I feel that my Field Study project has changed quite a bit from where it first began. A lot of what I was thinking about during the summer washed away as an area of interest when the school year got underway, and, what I did with my students changed to match my new areas of inquiry. I will speak with Don more about this journey over the course of the next few days, but now sleep is calling.



Old Friends (E-Postcard #4)


Tonight I worked on report cards for three hours and listened to the new A Tribe Called Quest album “We got it from here: Thank U 4 Your Service.”

I was about to putter off to bed, but this week has me so completely overburdened with work that I decided I might as well pluck another assignment off my sagging bookshelf and make a go of it. I hopped on over to JSTOR and logged in to look for some academia to bring to my meeting with my mentor on Monday.

In University, JSTOR was my best friend. I spent hours combing the database while writing my 90-page undergraduate honours thesis in fourth year, which to this day is the most rigorous assignment I’ve ever undertaken. The bibliography alone was some twenty pages long.

That familiar calligraphic logo — the capital J on a burgundy and gold shield — brought me back thirteen years to another time in my life. A time when I had no facial hair, was some thirty pounds lighter and had no life experience. Before I knew it I was plunged four pages into an article that had nothing to do with anything I’m studying but was super-interesting to me.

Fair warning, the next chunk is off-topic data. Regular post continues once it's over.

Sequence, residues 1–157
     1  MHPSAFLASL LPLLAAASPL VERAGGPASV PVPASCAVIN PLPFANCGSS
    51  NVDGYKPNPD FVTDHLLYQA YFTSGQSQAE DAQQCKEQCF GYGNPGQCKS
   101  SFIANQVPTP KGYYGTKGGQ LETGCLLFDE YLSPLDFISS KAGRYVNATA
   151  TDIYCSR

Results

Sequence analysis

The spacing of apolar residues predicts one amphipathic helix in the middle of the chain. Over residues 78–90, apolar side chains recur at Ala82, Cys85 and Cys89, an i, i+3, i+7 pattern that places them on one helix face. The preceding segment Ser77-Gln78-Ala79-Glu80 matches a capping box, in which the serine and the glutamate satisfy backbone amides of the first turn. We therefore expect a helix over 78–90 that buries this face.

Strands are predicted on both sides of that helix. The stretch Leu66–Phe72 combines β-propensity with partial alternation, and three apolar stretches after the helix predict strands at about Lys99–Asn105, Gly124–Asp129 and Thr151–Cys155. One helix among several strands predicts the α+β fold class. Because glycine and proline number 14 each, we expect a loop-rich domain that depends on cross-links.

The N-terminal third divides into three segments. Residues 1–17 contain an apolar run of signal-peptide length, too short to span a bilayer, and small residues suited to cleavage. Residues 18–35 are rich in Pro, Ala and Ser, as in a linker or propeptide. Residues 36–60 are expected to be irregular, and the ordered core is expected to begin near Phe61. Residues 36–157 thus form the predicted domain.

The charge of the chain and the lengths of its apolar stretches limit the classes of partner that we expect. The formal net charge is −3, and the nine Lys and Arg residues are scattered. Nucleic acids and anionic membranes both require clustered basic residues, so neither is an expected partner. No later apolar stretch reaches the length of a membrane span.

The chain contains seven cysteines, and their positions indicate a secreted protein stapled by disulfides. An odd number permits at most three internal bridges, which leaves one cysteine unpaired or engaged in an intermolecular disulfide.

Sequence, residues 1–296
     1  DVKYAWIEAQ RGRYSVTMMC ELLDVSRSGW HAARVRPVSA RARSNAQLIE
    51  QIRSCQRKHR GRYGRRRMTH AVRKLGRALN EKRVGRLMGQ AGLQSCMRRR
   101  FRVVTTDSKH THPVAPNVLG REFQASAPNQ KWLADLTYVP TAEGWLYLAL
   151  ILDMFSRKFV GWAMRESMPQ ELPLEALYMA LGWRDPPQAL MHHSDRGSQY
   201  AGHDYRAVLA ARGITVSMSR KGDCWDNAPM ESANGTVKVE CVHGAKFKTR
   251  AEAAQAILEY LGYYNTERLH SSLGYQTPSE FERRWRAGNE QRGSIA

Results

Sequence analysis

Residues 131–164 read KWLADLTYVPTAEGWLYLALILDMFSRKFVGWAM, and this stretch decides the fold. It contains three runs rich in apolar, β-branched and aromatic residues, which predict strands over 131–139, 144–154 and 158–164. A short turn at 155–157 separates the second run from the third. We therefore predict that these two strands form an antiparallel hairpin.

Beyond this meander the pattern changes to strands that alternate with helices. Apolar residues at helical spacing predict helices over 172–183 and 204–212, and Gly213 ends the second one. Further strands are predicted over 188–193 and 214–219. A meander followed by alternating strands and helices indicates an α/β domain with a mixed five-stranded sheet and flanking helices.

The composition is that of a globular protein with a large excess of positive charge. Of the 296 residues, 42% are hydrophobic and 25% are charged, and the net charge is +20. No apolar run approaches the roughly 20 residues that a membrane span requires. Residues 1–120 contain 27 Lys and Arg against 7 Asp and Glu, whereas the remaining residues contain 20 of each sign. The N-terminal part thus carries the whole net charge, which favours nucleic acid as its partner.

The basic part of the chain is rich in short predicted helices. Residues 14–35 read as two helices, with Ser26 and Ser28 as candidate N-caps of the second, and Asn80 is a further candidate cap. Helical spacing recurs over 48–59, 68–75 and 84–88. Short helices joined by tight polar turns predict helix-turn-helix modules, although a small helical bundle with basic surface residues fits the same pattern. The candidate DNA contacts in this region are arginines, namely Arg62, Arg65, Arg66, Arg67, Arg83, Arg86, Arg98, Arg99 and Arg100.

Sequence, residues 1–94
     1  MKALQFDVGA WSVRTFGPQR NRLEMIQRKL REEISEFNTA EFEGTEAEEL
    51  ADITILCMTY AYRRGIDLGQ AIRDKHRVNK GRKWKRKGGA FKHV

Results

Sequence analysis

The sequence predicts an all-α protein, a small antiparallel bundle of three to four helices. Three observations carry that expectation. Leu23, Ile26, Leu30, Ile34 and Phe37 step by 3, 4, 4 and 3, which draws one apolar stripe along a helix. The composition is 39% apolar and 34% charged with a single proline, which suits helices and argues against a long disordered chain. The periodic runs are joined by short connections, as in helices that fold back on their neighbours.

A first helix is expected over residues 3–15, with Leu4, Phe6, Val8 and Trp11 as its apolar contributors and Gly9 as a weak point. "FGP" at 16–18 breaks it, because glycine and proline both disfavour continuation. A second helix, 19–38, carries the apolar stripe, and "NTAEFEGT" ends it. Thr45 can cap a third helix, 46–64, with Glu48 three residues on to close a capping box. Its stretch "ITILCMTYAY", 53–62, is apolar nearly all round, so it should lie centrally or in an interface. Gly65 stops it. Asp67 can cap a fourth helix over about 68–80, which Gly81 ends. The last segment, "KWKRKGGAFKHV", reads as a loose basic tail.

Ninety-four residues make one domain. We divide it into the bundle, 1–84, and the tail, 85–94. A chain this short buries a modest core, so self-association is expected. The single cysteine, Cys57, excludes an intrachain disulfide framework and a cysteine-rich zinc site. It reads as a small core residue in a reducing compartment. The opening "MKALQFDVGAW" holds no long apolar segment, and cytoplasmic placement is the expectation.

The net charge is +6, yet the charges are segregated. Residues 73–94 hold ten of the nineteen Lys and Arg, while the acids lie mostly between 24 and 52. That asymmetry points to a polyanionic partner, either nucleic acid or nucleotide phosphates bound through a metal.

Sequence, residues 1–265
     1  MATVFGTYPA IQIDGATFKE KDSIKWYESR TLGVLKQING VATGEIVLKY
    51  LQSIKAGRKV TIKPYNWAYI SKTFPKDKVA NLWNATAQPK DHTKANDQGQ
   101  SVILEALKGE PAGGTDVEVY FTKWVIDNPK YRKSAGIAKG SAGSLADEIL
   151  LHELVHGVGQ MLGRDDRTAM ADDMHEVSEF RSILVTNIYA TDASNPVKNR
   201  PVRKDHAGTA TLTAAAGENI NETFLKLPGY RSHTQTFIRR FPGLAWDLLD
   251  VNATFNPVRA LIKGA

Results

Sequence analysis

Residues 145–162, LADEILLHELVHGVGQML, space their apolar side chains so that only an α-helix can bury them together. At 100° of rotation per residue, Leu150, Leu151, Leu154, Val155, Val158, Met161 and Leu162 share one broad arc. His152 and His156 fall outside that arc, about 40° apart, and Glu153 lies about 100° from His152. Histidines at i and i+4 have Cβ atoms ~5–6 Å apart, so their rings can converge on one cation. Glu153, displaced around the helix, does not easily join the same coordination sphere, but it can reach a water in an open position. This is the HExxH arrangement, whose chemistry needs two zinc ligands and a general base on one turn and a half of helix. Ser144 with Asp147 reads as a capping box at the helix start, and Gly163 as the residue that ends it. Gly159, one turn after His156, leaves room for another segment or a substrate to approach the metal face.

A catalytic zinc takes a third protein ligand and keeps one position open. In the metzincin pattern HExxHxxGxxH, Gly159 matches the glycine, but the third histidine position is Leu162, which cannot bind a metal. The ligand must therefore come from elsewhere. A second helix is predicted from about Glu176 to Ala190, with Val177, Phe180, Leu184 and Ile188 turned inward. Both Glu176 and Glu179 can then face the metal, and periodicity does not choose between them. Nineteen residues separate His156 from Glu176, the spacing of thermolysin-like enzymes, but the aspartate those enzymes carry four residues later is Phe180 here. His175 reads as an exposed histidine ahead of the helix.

The article, in case your wondering, was this one:

Degé, Franziska et al. “Music Lessons and Intelligence: A Relation Mediated by Executive Functions.” Music Perception: An Interdisciplinary Journal, vol. 29, no. 2, 2011, pp. 195–201.

In it, the authors wonder whether music lessons CAUSE students to be more intelligent, or whether their interest in music is caused by a per-existing intelligence.

The article connected with me on a very deep level in that it spoke directly into the experience I have in my music class on a daily basis… especially when playing music for children to listen to.

[At this point, this blog post was interrupted as my baby cried. I'm currently holding her somewhat fussy little body, after defrosting milk and post-midnight-bottle feed, dictating the remainder of this post via voice to text].

Back on topic now, regarding the journal article I mentioned above.

It’s the sort of peer reviewed article but I’ve been missing for quite some time. remembering University when the arguments of Foucault, Marx, Adam Smith, The Roots etc. were first being lit in my young mind.

My notes from class back then would be written by hand in three columns of extremely small blue printing– maybe similar to type size 10, in BIC pen. I’d always wanted to be a cartoonist, so my printing is very neat. Interspersed among the block caps print would be cartoon bubbles and other things to help my visual brain remember.